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The Japan Catholic Seminary

Japan Catholic Seminary
Japan Catholic Seminary
Fukuoka Campus
1-1-1 Matsuyama, Jonan-ku
Fukuoka 814-0131, JAPAN

Contact: Fr. Alexis Mitsuru Shirahama, PSS, Rector
Ph.: (81-92) 871-4943
Fax: (81-92) 863-6329
Email: seminary.japan@sulpc.org
Japan Catholic Seminary
Tokyo Campus
2-7-10 Sekimachi-Higashi, Nerima-ku
Tokyo 177-0052, JAPAN

Contact: Fr. John of the Cross Koshi Ito, Vice-Rector
Ph.: (81-3) 3920-2121
Fax: (81-3) 5991-0605
Email: seminary.japan@sulpc.org

In 1932, Bishop Albert Breton of Foreign Missions of Paris asks Saint Sulpice of Canada to establish a seminary in his diocese of Fukuoka. Responding to this request, Fathers Paul-Émile Léger and Charles Prévost arrived at Yokohama on October 17, 1933. Other Sulpicians came to join them. In April 1937, Fathers Paul-Émile Léger and Jacques Trudel open in Omuta a propedeutic year for five seminarians, which became the following year, with the help of Fathers Gaston Aubry and Henri Robillard, the Seminary of Philosophy of Fukuoka. Father Léger, recalled to Canada in April 1939, later became Cardinal-Archbishop of Montreal. Father Robillard became superior of the institution.

During the war, from December 1941 to August 15, 1945, four Canadian confreres, Charles Prévost, Gaston Aubry, Jacques Trudel and Henri Robillard, live the internment. During this period, the first Japanese Sulpician, Fr. Peter Saburo Hirata, runs the seminary alone during a few months and protects the property of Saint Sulpice. It is in April 1948 that opens the Major Regional Seminary of Fukuoka first under the direction of Fr. Henri Robillard, then of Fr. Gaston Aubry in buildings belonging to the Bishop’s Residence of Fukuoka. In 1951, the Major Seminary moves into the new building it still occupies presently.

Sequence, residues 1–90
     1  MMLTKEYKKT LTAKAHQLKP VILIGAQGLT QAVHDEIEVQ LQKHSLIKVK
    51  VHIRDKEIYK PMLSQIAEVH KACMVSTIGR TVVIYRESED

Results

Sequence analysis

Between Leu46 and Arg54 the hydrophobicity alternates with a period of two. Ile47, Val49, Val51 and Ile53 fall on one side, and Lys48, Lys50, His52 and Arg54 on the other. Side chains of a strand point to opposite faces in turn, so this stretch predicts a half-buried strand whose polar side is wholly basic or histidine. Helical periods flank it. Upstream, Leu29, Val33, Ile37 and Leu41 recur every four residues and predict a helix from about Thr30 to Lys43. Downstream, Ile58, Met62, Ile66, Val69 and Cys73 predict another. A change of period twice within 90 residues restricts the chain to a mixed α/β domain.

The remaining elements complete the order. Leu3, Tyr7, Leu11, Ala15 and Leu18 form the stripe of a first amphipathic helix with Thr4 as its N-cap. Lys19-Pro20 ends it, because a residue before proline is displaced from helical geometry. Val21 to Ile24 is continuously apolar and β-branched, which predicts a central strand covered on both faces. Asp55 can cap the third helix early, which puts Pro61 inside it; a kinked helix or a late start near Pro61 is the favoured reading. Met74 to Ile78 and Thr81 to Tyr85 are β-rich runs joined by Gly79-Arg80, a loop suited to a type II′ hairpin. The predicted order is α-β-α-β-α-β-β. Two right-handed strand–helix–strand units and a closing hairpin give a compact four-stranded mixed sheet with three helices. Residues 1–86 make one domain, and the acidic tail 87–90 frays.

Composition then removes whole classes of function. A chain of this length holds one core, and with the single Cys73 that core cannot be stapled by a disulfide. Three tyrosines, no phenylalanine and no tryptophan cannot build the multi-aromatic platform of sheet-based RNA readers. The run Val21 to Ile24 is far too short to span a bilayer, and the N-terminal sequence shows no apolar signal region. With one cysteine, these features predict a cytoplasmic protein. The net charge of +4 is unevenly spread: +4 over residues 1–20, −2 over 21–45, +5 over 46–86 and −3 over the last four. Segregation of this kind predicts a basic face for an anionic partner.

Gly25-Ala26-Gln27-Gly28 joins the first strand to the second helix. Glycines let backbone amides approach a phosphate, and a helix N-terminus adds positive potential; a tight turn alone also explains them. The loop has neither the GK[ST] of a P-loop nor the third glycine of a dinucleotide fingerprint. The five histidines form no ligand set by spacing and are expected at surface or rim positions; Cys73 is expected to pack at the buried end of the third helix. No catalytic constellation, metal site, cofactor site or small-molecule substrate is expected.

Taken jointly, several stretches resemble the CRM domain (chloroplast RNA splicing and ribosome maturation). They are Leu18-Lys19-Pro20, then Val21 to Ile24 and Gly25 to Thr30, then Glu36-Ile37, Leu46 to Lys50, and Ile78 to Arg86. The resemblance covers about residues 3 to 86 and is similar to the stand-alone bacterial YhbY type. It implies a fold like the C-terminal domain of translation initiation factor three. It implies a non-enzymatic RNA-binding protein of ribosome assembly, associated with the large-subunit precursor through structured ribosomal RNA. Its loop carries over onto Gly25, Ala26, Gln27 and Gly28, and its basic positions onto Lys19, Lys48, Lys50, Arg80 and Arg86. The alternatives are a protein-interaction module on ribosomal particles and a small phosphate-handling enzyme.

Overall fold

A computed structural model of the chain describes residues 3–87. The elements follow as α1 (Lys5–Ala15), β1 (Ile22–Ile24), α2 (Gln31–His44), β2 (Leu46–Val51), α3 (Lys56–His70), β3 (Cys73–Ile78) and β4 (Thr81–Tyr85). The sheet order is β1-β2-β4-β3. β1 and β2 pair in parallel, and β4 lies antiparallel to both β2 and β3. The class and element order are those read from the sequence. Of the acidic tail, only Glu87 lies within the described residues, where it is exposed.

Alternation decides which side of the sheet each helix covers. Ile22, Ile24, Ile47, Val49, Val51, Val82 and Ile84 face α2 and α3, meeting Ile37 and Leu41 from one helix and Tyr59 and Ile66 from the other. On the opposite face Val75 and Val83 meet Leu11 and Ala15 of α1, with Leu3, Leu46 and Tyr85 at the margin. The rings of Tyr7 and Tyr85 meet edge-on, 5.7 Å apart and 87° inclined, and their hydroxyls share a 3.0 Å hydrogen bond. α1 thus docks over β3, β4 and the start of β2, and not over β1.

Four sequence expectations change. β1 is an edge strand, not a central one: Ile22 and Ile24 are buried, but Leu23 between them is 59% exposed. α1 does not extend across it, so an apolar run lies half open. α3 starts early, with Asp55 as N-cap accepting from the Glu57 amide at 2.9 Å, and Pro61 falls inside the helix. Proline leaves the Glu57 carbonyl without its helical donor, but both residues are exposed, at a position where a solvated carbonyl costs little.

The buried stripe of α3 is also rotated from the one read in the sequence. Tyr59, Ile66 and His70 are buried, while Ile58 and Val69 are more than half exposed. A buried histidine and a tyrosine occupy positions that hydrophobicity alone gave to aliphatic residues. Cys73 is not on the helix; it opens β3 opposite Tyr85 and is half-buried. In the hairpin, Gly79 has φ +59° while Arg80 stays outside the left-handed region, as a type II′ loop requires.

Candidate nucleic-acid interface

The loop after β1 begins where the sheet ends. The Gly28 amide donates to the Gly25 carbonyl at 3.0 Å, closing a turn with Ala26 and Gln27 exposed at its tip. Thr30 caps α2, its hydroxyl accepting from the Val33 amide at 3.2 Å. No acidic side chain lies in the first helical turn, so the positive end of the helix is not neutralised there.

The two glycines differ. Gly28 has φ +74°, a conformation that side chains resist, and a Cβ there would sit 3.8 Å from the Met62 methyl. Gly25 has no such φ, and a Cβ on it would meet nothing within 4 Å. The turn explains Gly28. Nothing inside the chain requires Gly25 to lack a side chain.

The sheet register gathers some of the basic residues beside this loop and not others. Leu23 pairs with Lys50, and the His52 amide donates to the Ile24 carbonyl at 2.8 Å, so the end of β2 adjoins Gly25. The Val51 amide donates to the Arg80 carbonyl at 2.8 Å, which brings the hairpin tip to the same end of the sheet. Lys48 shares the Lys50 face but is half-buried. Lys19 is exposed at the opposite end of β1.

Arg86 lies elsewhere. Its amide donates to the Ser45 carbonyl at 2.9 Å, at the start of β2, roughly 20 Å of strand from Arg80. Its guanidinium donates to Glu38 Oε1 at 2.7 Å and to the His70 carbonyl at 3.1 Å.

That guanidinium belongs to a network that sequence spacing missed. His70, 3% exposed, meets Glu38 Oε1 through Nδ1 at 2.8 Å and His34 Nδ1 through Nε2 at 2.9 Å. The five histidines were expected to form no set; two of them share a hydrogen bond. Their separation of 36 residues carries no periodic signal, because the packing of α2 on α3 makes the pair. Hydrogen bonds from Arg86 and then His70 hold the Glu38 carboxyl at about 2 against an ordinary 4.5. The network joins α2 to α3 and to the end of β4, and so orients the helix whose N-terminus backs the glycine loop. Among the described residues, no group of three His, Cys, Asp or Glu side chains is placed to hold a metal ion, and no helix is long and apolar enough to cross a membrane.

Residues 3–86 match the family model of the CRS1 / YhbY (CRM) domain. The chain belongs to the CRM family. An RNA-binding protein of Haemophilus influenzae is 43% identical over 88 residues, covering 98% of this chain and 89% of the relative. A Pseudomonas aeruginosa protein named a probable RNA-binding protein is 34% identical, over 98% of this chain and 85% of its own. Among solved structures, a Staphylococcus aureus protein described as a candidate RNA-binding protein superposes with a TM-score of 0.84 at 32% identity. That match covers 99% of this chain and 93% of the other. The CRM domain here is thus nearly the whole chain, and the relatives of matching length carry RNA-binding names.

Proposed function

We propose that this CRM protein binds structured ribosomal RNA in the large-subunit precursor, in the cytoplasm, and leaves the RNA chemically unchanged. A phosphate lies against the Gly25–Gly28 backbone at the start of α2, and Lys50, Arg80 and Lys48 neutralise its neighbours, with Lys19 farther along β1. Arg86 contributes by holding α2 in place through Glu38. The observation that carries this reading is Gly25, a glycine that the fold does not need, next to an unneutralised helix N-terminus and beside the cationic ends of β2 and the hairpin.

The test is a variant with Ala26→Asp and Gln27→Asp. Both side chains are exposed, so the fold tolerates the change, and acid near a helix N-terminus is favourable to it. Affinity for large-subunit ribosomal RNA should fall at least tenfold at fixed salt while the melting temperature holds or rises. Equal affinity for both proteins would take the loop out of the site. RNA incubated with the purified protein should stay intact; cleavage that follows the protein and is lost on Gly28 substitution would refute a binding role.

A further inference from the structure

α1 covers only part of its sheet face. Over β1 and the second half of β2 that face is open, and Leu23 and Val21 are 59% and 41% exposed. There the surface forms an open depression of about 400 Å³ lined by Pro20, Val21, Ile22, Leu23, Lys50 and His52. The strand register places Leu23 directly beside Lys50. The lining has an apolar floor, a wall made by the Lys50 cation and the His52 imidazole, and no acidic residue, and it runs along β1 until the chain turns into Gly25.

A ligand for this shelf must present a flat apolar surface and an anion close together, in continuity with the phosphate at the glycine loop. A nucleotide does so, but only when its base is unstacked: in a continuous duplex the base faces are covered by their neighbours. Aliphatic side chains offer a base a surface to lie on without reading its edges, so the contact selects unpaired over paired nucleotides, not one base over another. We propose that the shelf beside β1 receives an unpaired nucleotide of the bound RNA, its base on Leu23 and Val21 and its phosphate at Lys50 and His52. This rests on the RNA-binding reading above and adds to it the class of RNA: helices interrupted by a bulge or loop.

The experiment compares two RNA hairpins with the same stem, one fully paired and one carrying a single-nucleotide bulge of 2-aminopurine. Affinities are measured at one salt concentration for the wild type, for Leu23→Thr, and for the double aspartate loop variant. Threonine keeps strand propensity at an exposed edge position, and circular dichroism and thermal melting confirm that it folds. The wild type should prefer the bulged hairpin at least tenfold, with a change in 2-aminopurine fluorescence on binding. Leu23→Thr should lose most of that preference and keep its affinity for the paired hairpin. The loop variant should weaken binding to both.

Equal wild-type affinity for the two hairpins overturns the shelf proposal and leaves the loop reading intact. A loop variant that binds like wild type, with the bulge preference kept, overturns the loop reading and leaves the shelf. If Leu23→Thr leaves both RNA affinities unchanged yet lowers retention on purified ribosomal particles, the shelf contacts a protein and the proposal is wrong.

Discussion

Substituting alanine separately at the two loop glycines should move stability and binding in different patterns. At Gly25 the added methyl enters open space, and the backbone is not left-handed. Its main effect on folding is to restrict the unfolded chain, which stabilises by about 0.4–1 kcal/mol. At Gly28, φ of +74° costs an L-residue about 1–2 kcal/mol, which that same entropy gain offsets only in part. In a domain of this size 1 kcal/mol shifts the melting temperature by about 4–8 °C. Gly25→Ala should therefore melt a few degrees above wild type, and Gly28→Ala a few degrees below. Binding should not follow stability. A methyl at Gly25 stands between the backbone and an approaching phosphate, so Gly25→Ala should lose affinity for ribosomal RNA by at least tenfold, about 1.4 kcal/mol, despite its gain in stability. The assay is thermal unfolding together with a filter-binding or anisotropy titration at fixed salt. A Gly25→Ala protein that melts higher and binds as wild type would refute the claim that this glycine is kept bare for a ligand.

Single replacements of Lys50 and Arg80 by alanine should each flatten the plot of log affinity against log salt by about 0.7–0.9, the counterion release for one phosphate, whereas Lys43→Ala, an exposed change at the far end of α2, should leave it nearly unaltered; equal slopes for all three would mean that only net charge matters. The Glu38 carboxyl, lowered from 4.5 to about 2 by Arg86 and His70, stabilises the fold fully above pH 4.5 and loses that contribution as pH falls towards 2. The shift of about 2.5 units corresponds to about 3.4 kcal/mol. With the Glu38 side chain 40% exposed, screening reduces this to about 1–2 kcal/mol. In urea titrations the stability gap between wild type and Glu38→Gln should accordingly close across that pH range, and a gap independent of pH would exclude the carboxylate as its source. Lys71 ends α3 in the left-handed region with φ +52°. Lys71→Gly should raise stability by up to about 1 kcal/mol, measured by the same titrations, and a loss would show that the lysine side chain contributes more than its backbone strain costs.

Saint Sulpice Seminary of Fukuoka.

From 1948 to 2008, the Seminary has trained 268 priests and among them eight bishops. In 1998 a curriculum reform has been completed: instead of welcoming the seminarians at the end of high school for a period of eight years, they are received when they have completed university studies or their equivalent. They then engage in theological studies spread over a period of six years: two years of philosophy and four years of theology.

Saint Sulpice Seminary of Fukuoka.


February 2, 2009 is a significant date for the Sulpicians of the Province of Canada. They celebrated the 75th anniversary of the arrival of the first Canadian Sulpician missionaries to Fukuoka and the 60th anniversary of the founding of the Major Seminary of Saint Sulpice.
Celebration of February 2, 2009 in Fukuoka.

The Japan Catholic Seminary

Since April 1, 2009, the Major Seminary of Saint Sulpice of Fukuoka is officially closed. By the decision of the Bishops' Conference of Japan, a new Major Seminary has been created to better meet the needs of priestly formation in the country. The Japan Catholic Seminary comes under direct jurisdiction all the bishops of Japan (16 dioceses) having for its higher authority the Congregation for the Evangelization of Peoples, which, among other things, appoints the rector. It has two camPSS one in Tokyo for philosophy and diaconal year and one in Fukuoka (in the ancient Seminary of Saint Sulpice) for theology.
The Sulpicians of the Province of Canada have been invited by this new seminary to collaborate in the training of priests in Japan. Its first rector is Fr. Joseph Tsuyomi Makiyama, PSS He directs the formation at both camPSS assisted by five other Sulpician confreres (four Japanese and one Canadian) and five diocesan priests from various dioceses of Japan.

Tokyo Campus.

ed @ Peter Krasuski Source http://www.sulpc.org/ed/sulpc_sem_japan_en.html

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